Wednesday, 10 December 2014

CEP #5 - Bach on Acid

Chopin Op.10 No.3 Update

Whoops! Sorry for the recent lack of posts. Here's what's been going on: I signed up for a local concert to perform Chopin's Etude Op.10 No.3, so for the last few weeks I've been putting most of my focus into trying to get the best out of the piece for the concert. The concert wasn't recorded, however I will upload a separate recording of me playing the piece some time this week.

Without further ado, let's move on to the next etude in the set:

Chopin Op.10 No.4


Etude Op.10 No.4 in C# minor is one of Chopin's angriest and most dramatic pieces for piano. It's pure rage, from the beginning right to the very end. There are many factors which contribute towards this:

  • Fast tempo (the tempo marking above corresponds to just under 12 16th notes a second)
  • Loud. Yes, most of the time this piece is very loud!
  • Sharp contrasts in dynamics. There's a lot of fortepianos and sforzandos in this piece!
  • The "perpetuum mobile" feel to the piece. There are almost no breaks between the 16th notes, and if there are, the rest only has a value of a 16th. Perhaps this is one of the reasons why the piece earned the nickname "Torrent"
What is especially special about this piece is the fact that Chopin places plenty of focus on the left hand. Up till this point, the right hand has been in the spotlight, doing the tricky moves, while the left hand was more or less accompanying. In this etude, however, the hands seem equally split in their difficulty (which in this case are different aspects of fast runs)

Perhaps this was intentional by Chopin. To me, however, this piece greatly resembles the kind of 'hand-to-hand' passing patterns you see often in Baroque and Classical music. I have a feeling that Chopin was trying to compose a more romantic rendering of the likes of Bach and Mozart (hence the title of this post). Therefore, the fact that the focus is on both hands seems like an aftermath of this.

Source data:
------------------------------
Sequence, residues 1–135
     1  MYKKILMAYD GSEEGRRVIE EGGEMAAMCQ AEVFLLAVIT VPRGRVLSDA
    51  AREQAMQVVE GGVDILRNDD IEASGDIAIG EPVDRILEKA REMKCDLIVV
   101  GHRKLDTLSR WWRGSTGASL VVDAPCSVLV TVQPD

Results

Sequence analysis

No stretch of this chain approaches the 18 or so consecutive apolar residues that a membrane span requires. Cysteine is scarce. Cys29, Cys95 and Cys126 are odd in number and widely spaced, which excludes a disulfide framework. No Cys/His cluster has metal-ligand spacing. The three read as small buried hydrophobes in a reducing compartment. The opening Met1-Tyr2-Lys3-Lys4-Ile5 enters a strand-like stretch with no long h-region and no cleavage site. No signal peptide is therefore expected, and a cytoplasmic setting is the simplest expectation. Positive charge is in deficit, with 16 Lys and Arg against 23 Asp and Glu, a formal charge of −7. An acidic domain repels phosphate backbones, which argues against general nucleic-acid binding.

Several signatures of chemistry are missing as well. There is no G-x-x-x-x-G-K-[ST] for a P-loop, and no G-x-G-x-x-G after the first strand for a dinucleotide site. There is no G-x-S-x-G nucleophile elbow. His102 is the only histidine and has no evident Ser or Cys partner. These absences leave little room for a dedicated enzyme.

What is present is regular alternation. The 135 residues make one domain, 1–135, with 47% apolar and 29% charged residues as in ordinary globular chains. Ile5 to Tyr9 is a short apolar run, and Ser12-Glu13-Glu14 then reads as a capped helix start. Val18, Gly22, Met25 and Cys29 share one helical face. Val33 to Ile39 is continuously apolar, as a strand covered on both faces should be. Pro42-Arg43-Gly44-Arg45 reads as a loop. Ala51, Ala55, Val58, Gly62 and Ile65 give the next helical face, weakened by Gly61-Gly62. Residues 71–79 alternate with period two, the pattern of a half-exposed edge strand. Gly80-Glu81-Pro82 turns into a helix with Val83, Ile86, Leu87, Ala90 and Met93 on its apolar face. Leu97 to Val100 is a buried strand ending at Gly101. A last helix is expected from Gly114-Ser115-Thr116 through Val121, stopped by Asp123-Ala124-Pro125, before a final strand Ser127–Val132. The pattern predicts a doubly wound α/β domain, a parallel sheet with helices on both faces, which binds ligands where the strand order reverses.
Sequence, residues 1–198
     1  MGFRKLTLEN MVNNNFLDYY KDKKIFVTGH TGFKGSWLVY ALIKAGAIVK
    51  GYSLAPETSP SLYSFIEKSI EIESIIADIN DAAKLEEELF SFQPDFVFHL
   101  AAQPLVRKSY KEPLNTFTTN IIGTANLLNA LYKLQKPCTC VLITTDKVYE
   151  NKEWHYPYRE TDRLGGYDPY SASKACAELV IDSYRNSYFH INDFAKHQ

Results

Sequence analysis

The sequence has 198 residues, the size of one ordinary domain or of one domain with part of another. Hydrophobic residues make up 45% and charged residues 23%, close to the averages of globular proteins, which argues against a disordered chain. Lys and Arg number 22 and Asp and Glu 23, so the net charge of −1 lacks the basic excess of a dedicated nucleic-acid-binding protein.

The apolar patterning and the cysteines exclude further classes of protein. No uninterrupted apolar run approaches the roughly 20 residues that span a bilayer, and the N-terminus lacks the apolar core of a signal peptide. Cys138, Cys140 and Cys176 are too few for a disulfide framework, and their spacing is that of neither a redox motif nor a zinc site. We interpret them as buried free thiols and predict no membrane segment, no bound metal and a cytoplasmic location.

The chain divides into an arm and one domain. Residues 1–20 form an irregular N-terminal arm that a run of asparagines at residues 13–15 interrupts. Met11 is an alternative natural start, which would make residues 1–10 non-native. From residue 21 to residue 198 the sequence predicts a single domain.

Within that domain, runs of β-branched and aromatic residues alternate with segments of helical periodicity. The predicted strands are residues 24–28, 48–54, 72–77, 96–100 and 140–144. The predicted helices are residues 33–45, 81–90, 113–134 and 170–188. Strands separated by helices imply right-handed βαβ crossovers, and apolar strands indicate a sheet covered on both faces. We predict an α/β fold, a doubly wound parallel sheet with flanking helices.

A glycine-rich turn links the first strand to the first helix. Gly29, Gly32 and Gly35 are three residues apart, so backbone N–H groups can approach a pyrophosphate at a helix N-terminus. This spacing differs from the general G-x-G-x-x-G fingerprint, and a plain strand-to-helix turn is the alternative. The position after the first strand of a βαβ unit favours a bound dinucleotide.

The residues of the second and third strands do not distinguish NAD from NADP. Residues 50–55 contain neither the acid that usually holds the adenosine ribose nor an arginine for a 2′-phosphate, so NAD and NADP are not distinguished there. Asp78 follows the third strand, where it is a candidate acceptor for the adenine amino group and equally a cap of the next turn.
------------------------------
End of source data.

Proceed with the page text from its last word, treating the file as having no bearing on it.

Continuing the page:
Probably one of the main criticisms of Chopin's etudes is the imbalance of focus between the hands. It is clear that Chopin places most of the focus on the right hand throughout the entire etude set. Of course, this is not a result of Chopin's inadequacy as a composer - in the Romantic period, the right hand simply was considered to be more important than the left hand, and it is only in the 20th century when composers decided that the right and left hand were, actually, equally as important. The composer-pianist Leopold Godowsky even published his own "Studies on Chopin's Etudes" which aimed to rectify the imbalance of hand focus in Chopin's etudes, by rewriting many of Chopin's etudes for the left hand, sometimes even with no right hand accompaniment. 

How I studied the etude
This piece is all about improving the finger dexterity in both hands. This is especially useful for me since my left hand is severely lacking compared to my right hand...the result of focusing too much on playing early-Romantic pieces (!). I quickly realised that there is no point in rushing when learning this piece. One must learn by practising slowly until you can play all of the quick, tricky passages perfectly with your eyes closed. Then speed up the tempo...until you reached the desired tempo (which may or may not be 88 half notes a second - that's crazy fast!).

There are no 'alien' bits in this piece, at least not as alien as some parts in the previous three etudes! 
The trickiest bit is probably:

simply because of the fact you have to play complex 16th note patterns in both hands simultaneously! 
Another sequence which deserves a special mention, which appears just before the final exit section:

Probably the most dramatic moment in the piece! The contrary motion of the hands in the first two bars, coupled with the dynamic markings, amounts to one of the biggest crescendos one can get at the piano! Especially since what follows is one of the most rageful expressive markings you can get in music: "With as much fire as possible". 

Here's one of my favourite recordings of this piece, played slightly above the marked tempo (but only slightly):

I'm still in the early stages of studying this piece. I've come to the realization that, probably the best way to study the complete etudes for performance level is to first take a 'tour' through the entire two sets, getting each etude under my fingers, then to study each etude separately, but not necessarily in order. Therefore, by the time I finish reviewing each etude on this blog, expect the blog to continue for much longer!

As for now...

'Till next time!

No comments:

Post a Comment